Note that if you create multiple snippets with the same name, then Vim will prompt you with a drop down selection list to chose from.

Another PHP snippet you might create is:
 snippet substr
     substr(${1:string $string}, ${2:int $start} ${3:[, int $length]})
Which expands to:

    substr(string $string, int $start [, int $length])

This is useful if you often forget the parameters certain functions take.

I also like to create another snippets file called "php-unit.snippets" which contains my PHPUnit framework snippets. In here, I have snippets like:
 snippet test
     * @test
     public function ${1:}() {
Which, typing test[tab], expands to:

    * @test
    public function () {

A more involved example is my getMockBuilder() method snippet:
 snippet getmockbuilder
     ${8:}$this->getMockBuilder('${1:string $OriginalCLassName}')
         ->setMethods(${2:array $methods})
         ->setConstructorArgs(${3:array $args})
         ->setMockClassName(${4:string $name})
Expands to, when you type getmockbuilder[Tab]:

    $this->getMockBuilder('string $OriginalCLassName')
              ->setMethods(array $methods)
              ->setConstructorArgs(array $args)
              ->setMockClassName(string $name)

Tip: To easily search through all the existing snippets of a .snippets file, type this search query in Vim:

     /snippet \zs.*

Some useful Python snippets:
    import             = imp[tab]
    function template  = def[tab]
    for loop           = for[tab]
(Also see the Python code-completion plugin for Vim I wrote called Pydiction.)

Some other useful PHP snippets include:
    php           = <?php  ?>
    echo          = ec[tab] 
    fun           = public function FunctionName() ...
    foreach       = foreach[tab]
    if            = if (/* condition */) { ...
    ife           = if/else
    else          = else { ...
    elseif        = elseif () { ...
    switch/case   = switch[tab]
    case          = case 'value': ...
    t             = $retVal = (condition) ? a : b;
    while         = wh[tab]
    do/while      = do[tab]
    Super Globals = $_[tab]
    docblock      = /*[tab]
    inc1          = include_once
    req           = require
    req1          = require_once
    $_            = List of $_GET[''], $_POST[''], etc
    globals       = $GLOBALS['variable'] = something;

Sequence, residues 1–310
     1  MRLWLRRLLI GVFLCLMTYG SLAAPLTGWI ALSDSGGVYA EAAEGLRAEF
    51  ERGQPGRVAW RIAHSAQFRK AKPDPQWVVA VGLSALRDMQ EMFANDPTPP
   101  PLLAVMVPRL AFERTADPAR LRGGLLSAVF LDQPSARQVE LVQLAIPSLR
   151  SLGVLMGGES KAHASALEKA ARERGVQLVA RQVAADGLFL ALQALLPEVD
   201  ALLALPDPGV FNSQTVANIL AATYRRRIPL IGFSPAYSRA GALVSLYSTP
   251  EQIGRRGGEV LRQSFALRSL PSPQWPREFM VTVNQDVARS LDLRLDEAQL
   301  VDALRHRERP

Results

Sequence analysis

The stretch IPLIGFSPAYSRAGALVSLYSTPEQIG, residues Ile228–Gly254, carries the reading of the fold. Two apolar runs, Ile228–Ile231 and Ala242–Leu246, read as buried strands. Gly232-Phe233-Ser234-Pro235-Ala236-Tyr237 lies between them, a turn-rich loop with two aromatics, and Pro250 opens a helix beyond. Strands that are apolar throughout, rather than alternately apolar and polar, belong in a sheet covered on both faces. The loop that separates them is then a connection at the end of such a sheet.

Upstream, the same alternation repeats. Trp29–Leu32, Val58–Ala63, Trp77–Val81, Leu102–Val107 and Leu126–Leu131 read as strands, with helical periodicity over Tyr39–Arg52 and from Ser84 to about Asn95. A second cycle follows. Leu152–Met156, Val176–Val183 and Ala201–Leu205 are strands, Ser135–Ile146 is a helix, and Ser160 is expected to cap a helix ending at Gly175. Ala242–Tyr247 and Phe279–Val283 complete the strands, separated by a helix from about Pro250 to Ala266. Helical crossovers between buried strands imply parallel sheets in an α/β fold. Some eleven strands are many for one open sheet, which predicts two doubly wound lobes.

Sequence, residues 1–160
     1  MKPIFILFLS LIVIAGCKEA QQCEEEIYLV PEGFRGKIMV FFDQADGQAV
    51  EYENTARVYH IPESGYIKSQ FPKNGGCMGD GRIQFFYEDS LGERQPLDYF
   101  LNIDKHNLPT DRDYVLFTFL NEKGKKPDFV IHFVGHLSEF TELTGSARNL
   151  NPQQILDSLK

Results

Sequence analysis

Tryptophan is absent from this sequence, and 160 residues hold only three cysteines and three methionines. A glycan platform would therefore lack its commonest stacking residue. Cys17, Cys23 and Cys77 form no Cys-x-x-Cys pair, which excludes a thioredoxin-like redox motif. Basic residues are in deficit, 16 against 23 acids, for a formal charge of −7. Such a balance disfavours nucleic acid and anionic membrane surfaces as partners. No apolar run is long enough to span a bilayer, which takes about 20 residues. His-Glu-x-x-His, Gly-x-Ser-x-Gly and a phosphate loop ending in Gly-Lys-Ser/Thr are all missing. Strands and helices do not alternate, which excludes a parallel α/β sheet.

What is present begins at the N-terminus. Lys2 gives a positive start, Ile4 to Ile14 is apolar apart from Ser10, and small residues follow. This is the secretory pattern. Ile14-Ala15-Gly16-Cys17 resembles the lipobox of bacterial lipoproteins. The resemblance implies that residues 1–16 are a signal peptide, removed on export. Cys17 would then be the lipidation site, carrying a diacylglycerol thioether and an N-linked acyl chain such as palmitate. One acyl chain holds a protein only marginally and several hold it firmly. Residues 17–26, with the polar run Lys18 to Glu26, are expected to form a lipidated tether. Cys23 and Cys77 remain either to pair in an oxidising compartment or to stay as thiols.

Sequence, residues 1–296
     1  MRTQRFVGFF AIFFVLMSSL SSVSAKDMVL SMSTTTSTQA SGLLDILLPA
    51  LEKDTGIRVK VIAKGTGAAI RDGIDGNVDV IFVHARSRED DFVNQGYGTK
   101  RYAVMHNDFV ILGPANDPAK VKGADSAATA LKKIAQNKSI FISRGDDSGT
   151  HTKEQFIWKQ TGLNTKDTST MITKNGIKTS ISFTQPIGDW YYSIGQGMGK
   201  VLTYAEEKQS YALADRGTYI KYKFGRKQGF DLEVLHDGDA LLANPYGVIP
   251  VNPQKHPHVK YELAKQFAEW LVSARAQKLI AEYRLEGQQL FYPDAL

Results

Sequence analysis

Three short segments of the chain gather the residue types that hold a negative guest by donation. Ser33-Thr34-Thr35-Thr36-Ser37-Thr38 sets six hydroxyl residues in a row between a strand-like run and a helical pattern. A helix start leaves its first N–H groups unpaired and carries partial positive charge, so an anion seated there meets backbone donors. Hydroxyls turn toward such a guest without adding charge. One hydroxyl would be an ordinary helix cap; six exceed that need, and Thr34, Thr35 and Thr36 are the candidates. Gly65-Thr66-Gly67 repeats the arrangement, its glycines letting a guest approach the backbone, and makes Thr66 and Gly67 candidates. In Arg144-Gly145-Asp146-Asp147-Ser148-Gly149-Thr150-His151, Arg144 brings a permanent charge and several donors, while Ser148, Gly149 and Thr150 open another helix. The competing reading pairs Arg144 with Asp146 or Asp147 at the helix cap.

def           = define('')
    def?          = defined('')
    array         = $arrayName = array('' => );
    /*            = dockblock: /**  *  **/
    doc_h         = file header docblock
    doc_c         = class docblock
    doc_cp        = class post docblock
    doc_d         = constant docblock
    doc_fp        = function docblock
    doc_v         = class variable docblock
    doc_vp        = class variable post docblock
    doc_i         = interface docblock
Some Bash snippets:
expands to: #!/bin/bash
expands to:

        if [[ condition ]]; then

For JavaScript:
    get[Tab]  =  getElementsByTagName('')
    gett[Tab] =  getElementById('')
    timeout   =  setTimeout(function() {}, 10;
For Ruby:
    ea      =  each { |e|  }
    array   = { |i|  }
    gre     =  grep(/pattern/) { |match|  }
    patfh   =  File.join(File.dirname(__FILE__), *%2[rel path here])
In a previous article I mentioned using Zen Coding for super fast HTML creation. Well, you can also create HTML with snipMate. This is useful when you need to do something that Zen Coding cannot do. For instance, snipMate has all the HTML Doctypes:
    docts  =  (HTML 4.01 strict)
    doct   =  (HTML 4.01 transitional)
    docx   =  (XHTML Doctype 1.1)
    docxt  =  (XHTML DocType 1.0 transitional)
    docxs  =  (XHTML Doctype 1.0 Strict)
    docxf  =  (XHTML Doctype 1.0 Frameset)
    doct5  =  (HTML 5)

Other HTML snippets include:
    select[tab] and opt[tab] and optt[tab]
That's all for now. If you want to share snippets you made please link to them in the comments section below.